So assuming that the bill to write as much as $1 billion in blank checks to local sports teams for new buildings isn’t going anywhere, now what? Barroway and his co-owners may not be getting paid $8 million a year to run the Glendale arena anymore, but they still have a fairly cushy lease that has already been extended through 2018, so they can easily keep going year-to-year while trying to find some other Phoenix-area elected body eager to throw public money at them. They could try to move the team, but the options there aren’t much better: Quebec would require selling the team to Quebecor, Seattle still doesn’t have an NHL-ready arena, and other cities are even more of a shot in the dark. The real answer here appears to be “if you’re going to buy a hockey franchise, maybe don’t buy one that plays in a non-hockey hotbed and has never been able to draw flies,” but Barroway and company have made their bed, so honestly unless you’re a Coyotes fan, there’s no reason to worry about how they choose to lie in it.

Maple Leafs ticket prices aren’t part of a grand conspiracy, except for the usual ones

A headline like “Why are NHL tickets expensive in Toronto? Because they’re cheap in Phoenix” has got to be pretty much irresistable if you’re an editor at the Globe and Mail. But does columnist Tony Keller actually make that case? Let’s follow the bouncing argument:

  • The Toronto Maple Leafs can charge through the nose for tickets because demand for hockey in Ontario exceeds the supply.
  • The Arizona Coyotes can’t charge squat for tickets because demand for hockey in Arizona is a sad joke.
  • If the Coyotes moved to Toronto or even Hamilton, it would cut into the Leafs’ market, and they’d be forced to lower ticket prices.
  • Since the Coyotes don’t make money, they have to be subsidized by revenue sharing from teams like the Leafs.
  • “The MLSE golden goose helps subsidize a squad of American lame duck franchises; those lame ducks, stuck in dry ponds, make necessary a golden goose in Toronto.”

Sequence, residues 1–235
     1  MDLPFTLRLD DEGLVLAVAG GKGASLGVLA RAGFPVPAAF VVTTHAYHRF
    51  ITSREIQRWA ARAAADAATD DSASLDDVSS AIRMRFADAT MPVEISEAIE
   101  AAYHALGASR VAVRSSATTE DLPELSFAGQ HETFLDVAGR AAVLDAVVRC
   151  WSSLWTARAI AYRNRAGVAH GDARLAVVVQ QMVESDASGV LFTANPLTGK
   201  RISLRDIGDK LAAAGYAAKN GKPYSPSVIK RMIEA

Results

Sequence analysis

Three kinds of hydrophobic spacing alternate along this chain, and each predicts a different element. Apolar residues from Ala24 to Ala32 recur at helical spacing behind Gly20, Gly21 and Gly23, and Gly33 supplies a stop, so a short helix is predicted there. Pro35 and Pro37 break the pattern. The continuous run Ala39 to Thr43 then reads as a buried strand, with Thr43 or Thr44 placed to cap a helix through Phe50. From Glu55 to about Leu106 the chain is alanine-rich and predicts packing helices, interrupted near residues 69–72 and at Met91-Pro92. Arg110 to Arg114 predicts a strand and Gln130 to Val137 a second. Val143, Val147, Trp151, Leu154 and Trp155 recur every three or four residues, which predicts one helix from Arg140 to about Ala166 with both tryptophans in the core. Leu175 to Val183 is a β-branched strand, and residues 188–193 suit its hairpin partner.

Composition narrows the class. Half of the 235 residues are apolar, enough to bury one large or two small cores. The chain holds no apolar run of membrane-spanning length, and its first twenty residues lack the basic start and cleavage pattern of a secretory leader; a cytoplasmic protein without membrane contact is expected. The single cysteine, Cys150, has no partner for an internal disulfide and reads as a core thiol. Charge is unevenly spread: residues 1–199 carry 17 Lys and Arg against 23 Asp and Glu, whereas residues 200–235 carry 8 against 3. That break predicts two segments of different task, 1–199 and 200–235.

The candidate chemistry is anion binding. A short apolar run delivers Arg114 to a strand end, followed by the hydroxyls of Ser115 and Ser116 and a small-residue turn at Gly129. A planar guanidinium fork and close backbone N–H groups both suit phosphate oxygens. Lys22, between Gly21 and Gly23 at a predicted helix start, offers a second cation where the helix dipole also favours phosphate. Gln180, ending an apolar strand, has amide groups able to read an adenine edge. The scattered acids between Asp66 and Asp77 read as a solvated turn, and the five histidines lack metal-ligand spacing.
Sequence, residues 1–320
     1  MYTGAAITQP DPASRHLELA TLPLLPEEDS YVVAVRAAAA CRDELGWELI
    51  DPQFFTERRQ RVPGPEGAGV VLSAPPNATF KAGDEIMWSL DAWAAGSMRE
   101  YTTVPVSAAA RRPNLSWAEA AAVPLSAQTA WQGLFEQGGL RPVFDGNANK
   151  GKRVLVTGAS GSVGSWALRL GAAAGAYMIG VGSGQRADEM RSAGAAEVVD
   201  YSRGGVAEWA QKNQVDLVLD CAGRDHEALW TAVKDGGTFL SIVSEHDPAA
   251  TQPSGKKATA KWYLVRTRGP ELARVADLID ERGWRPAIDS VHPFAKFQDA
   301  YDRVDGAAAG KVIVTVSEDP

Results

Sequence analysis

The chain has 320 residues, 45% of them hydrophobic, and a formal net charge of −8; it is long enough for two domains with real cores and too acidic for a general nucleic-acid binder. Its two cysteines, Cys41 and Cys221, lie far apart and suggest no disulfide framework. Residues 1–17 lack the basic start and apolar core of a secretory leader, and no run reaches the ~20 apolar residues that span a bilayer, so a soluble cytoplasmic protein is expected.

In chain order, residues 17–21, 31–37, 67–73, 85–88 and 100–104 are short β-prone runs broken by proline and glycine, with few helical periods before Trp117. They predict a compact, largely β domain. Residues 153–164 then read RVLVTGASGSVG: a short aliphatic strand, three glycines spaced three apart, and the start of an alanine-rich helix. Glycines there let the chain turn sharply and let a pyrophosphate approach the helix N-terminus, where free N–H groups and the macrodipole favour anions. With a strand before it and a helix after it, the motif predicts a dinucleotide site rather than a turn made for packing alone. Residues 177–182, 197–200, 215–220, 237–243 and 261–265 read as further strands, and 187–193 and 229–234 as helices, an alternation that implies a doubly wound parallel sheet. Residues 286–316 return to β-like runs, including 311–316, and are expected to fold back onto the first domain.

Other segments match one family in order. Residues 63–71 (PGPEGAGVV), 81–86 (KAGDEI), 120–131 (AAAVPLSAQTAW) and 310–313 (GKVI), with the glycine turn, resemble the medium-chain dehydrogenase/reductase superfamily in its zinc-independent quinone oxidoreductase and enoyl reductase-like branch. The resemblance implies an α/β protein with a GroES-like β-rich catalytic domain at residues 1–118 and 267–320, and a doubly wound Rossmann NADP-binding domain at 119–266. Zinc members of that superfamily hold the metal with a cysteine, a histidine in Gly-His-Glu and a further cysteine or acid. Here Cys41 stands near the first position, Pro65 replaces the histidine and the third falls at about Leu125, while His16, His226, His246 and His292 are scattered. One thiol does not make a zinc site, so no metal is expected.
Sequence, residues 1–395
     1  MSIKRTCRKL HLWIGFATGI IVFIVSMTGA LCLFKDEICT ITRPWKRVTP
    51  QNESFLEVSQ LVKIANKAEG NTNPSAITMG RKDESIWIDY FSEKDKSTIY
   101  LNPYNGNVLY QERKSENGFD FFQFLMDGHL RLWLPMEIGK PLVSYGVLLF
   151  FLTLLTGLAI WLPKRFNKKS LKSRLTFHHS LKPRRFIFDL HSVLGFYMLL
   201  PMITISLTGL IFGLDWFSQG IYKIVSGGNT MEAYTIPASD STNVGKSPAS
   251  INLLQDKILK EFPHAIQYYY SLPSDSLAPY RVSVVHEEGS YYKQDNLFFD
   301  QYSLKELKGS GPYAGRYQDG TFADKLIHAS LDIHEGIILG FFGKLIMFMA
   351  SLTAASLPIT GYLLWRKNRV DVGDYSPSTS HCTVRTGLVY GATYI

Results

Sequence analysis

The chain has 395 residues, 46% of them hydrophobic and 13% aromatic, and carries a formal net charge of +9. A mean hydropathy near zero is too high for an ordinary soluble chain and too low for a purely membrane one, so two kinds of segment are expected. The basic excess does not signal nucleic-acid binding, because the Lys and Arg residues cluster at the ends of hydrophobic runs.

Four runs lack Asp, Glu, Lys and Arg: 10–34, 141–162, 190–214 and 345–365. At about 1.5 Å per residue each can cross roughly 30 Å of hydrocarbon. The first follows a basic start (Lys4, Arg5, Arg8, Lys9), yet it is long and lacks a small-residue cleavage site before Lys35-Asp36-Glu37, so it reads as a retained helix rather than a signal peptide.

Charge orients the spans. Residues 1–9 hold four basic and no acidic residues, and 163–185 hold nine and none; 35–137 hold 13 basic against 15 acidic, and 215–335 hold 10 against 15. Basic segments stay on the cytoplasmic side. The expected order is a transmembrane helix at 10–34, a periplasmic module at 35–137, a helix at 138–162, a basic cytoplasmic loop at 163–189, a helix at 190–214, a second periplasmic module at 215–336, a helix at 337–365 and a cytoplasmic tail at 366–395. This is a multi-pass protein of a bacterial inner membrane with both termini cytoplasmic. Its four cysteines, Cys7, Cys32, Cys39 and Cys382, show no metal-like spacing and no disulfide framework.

All of this is technically true, but there are some leaps of logic here: There’s no reason to think that the NHL would allow the Coyotes to move to within spitting distance of Toronto if they left Arizona, and that Toronto “golden goose” is something the league presumably would want to keep around (and the Leafs owners would absolutely want to keep around) with or without the Coyotes’ revenue issues. There’s a difference between “the Maple Leafs owners are willing to send some money to the Coyotes’ owners to maintain their monopoly” and “this is all part of a grand conspiracy to screw hockey fans both coming and going.” (Except inasmuch as trying to use your monopoly power as the only major pro league to jack up ticket prices is the plan for pretty much every sports league that doesn’t have open promotion and relegation.)

That said, it is undeniably true that if territorial rights were eliminated and teams could move wherever they wanted, it would be arguably good for hockey fans (except those in lousy hockey markets like Phoenix) and maybe even good for the league as a whole — just the same as it would be for MLB if the Steinbrenners and Wilpons didn’t have monopoly rights to New York City. But then, sports leagues aren’t really monolithic corporations, but rather cartels of individual business owners, each in it for themselves. The only conspiracy at work here is the profit motive combined with the failure to enforce antitrust laws, which is a bigger problem than just for hockey.

Arizona officials, columnists on Coyotes move threat: Talk to us when your team doesn’t suck

So how’s that whole threaten that the Arizona Coyotes will move (somewhere) if they don’t get a new arena to replace their new arena in Glendale that replaced their new arena in Phoenix thing going over with Arizona elected officials and the media? Not well at all:

[Glendale city manager Kevin Phelps and former mayor Elaine Scruggs] said lawmakers should kill an arena funding bill…

They added that the NHL and team are trying to pull a fast one on taxpayers and, by putting a losing team on the ice, the Coyotes have no one but themselves to blame for their financial problems.

“We have continually invested heavily to keep NHL in the state of Arizona. We have held up our end of the bargain. They have not held up their end of the bargain. They cannot put a product on the ice for a community that has a lot of options,” Phelps said. “They don’t believe there is any correlation to the fact that they have not put a team that has been competitive for many, many years.”…

“And we are paying $13 million in arena debt payments, plus annual capital maintenance where we can spend $1 to $2 million a year,” Phelps said. “Our frustration is starting to build a little bit.”

Okay, sure, Glendale officials are going to be steamed, given that this whole thing started when they canceled the Coyotes’ sweetheart lease and the Coyotes owners said, “If you’re not going to pay us $8 million a year to play in our taxpayer-built arena, then screw you.” What about reaction elsewhere, say from Arizona Republic sports columnist Dan Bickley?